Despite of his indispensable role in the ancient Egyptian mythology, Thuth has never occupied the position of one of the members of the divine family or as a Chief god in any myth. There are many sources and myths that present him one of the major gods who were accompanying the sun god in the solar boat and responsible for setting the daily course of the chief god. He attained more power in the declining years of Ra, when he occupied the position of Ra’s assistant who was responsible for the moon and keeping the stability of the sun god. In the Pyramids Texts, Thuth is described as one of the prominent gods in the underworld who serve in many posts including carrying the recently dead souls on his wing to cross the “winding waterway” and on the other shore serving as the protector and messenger of the Chief god who uses his cutting knife to attack his enemies. There are also many depictions presenting Thuth as a member in the court standing next to the scale that was used for weighing the heart of the dead and writing down the judgment of the dead in a papyrus scroll. Some of the spells of the pyramid Texts and the Coffin Texts present Thuth as a “Peacemaker” who reconciles between the conflicting gods like Horus and Seth. In other resources, he was in charge of monitoring the eye of Horus in its journey to wards the kind in order to give him eternity. Thuth was considered as the god of science due to his great knowledge of the celestial mathematics that made him responsible for maintaining the balance of earth. He is credited to naming the things that exist on the surface of earth and establishing the sciences of medicine, astronomy, music and others. It is registered in the Book of the Dead that he was responsible for writing letters on behalf of the gods of Annu.
– The Book of Thuth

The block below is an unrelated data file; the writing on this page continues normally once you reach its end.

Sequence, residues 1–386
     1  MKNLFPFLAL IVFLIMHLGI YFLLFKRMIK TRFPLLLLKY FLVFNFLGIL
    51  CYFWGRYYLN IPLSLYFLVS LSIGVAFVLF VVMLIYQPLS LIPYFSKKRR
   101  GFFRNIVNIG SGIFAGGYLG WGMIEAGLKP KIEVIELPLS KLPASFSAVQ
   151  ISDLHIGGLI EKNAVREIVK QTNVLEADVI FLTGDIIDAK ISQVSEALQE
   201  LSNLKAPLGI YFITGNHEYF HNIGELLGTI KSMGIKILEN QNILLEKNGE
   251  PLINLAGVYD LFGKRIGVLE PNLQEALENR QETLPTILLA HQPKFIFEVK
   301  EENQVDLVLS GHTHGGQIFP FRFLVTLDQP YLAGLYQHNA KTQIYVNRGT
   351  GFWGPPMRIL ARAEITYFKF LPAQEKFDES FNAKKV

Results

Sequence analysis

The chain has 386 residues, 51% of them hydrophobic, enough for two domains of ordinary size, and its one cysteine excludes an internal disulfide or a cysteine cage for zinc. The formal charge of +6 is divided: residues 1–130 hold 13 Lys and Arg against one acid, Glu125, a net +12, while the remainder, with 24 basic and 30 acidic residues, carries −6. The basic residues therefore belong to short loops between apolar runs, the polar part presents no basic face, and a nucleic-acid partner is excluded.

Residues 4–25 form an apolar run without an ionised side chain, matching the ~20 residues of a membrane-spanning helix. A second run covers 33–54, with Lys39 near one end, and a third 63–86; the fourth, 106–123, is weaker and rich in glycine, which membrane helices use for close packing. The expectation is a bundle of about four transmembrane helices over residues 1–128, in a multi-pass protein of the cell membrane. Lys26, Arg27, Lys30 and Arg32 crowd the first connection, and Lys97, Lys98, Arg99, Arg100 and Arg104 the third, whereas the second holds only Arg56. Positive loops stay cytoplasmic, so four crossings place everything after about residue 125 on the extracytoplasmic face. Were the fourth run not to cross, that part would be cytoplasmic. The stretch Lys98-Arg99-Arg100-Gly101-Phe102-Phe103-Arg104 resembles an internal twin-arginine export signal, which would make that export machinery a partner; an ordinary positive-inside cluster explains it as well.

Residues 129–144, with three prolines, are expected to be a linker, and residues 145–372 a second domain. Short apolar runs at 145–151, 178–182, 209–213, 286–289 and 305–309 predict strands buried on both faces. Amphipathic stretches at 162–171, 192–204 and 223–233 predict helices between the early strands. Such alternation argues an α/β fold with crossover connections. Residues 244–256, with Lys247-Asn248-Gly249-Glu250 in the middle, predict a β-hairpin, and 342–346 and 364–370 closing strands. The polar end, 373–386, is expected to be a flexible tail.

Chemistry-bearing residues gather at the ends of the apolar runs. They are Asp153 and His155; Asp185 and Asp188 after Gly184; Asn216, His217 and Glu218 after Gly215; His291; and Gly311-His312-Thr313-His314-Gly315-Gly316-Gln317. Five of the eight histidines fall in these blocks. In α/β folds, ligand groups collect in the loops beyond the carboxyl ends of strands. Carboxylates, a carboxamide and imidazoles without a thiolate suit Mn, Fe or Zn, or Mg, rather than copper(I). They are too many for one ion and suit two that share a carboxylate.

In one of the old texts of Hermopolis, Thuth describes himself as the eldest son of Ra whose creation was the result of the cooperation of Ra, Amun and Khepri. He adds also that this origin gave him the secret knowledge, powers and talents that made him the inventor of the letters of writing and the author of many valuable books. He is the author of many prominent articles and books that date back to the prehistoric era including the Book of the Breathing that involves some spells helping the dead to obtain eternity, and the Book of the Dead or some parts of it as it is said. The Book of Thuth is one of the major works of Thuth and there are numerous irreconcilable accounts about its length. Some views say that it is two-page length: the first one deals with magic charms that help in controlling over natural powers, and the second involves the magic spells used in the underworld. There is another view suggesting that it was a 42 pages length and it was dealing with a variety of sciences excelled by Thuth such as geography, astronomy, religion, medicine, hieroglyphics, and astrology. Prince Neferkaptah and the Book of Thuth This myth is registered in a papyrus that dates from the Ptolemaic era at the time of the family of Prince Neferkaptah. The priest of this prince told him about the magnificent supernatural powers that he can gain from the magic spells in the Book of Thuth. He told him that the magic power would enable him from dominating power over all the aspects of nature, being the commander of the sun, the moon, the air, the mountains and the minor gods and seeing any creature whenever and wherever it is. In addition to that, its magical charms would give you eternity and you would be able to see the other eternal gods in the solar boat and many other supernatural powers. The excessive ambition the prince made him ready to do any thing to possess that book and promised a great reward for the one who tells him about its place. The priest told him that the book is kept in a the middle of the Nile river next to the city of Koptos and the prince quickly decided to go and steel that book to gain that power. He took his wife Ahura and his son on a boat and went to Koptos where he established a magical barge to look for the book. He knew that the book is kept in one of three boxes protected by snakes, scorpions and other monsters. He used a magical spell that saved him from the danger of these enemies and enabled him from reaching safely to the boxes. The prince used one of the spells of the book that made all the fish of the sea come to see him. Then he asked for wine and he spelt it on the book and when the letters of the book were erased by the wine he drank it all to have the powers of this book inside him and then took off. The vengeance of Thuth from the thief of his book was very fierce. Thuth firstly killed the prince’s son and wife who were accompanying him. The prince used his magical power and made the body of his wife flows over the surface of water and tells him about what she saw in the underworld. She told him that Thuth is extremely enraged and that his power is more than his own power even after having the book. Yet he insisted on keeping the book and tied it to his chest, till he was killed. When the king heard that his son drawn in the Nile River, he looked for his body and found him with the book of Thuth on his chest. Finally Neferkaptah was buried and the book of Thuth was put in his tomb.